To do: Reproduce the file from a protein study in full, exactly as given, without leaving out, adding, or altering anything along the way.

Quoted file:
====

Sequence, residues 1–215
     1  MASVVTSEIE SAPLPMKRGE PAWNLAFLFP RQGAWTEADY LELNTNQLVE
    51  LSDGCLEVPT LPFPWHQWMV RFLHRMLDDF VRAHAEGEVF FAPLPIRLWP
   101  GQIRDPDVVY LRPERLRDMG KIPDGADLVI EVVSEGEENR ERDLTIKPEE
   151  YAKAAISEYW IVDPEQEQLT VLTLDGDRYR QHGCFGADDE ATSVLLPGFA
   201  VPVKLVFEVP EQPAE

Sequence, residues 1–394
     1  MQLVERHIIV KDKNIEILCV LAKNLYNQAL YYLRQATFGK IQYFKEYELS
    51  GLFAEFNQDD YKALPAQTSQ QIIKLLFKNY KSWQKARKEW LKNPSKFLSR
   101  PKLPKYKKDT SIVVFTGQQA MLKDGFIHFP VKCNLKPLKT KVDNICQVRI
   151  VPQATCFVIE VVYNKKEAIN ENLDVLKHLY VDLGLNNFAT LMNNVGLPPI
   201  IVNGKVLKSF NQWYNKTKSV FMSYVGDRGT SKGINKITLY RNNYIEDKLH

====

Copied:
Sequence, residues 1–215
     1  MASVVTSEIE SAPLPMKRGE PAWNLAFLFP RQGAWTEADY LELNTNQLVE
    51  LSDGCLEVPT LPFPWHQWMV RFLHRMLDDF VRAHAEGEVF FAPLPIRLWP
   101  GQIRDPDVVY LRPERLRDMG KIPDGADLVI EVVSEGEENR ERDLTIKPEE
   151  YAKAAISEYW IVDPEQEQLT VLTLDGDRYR QHGCFGADDE ATSVLLPGFA
   201  VPVKLVFEVP EQPAE

Sequence, residues 1–394
     1  MQLVERHIIV KDKNIEILCV LAKNLYNQAL YYLRQATFGK IQYFKEYELS
    51  GLFAEFNQDD YKALPAQTSQ QIIKLLFKNY KSWQKARKEW LKNPSKFLSR
   101  PKLPKYKKDT SIVVFTGQQA MLKDGFIHFP VKCNLKPLKT KVDNICQVRI
   151  VPQATCFVIE VVYNKKEAIN ENLDVLKHLY VDLGLNNFAT LMNNVGLPPI
   201  IVNGKVLKSF NQWYNKTKSV FMSYVGDRGT SKGINKITLY RNNYIEDKLH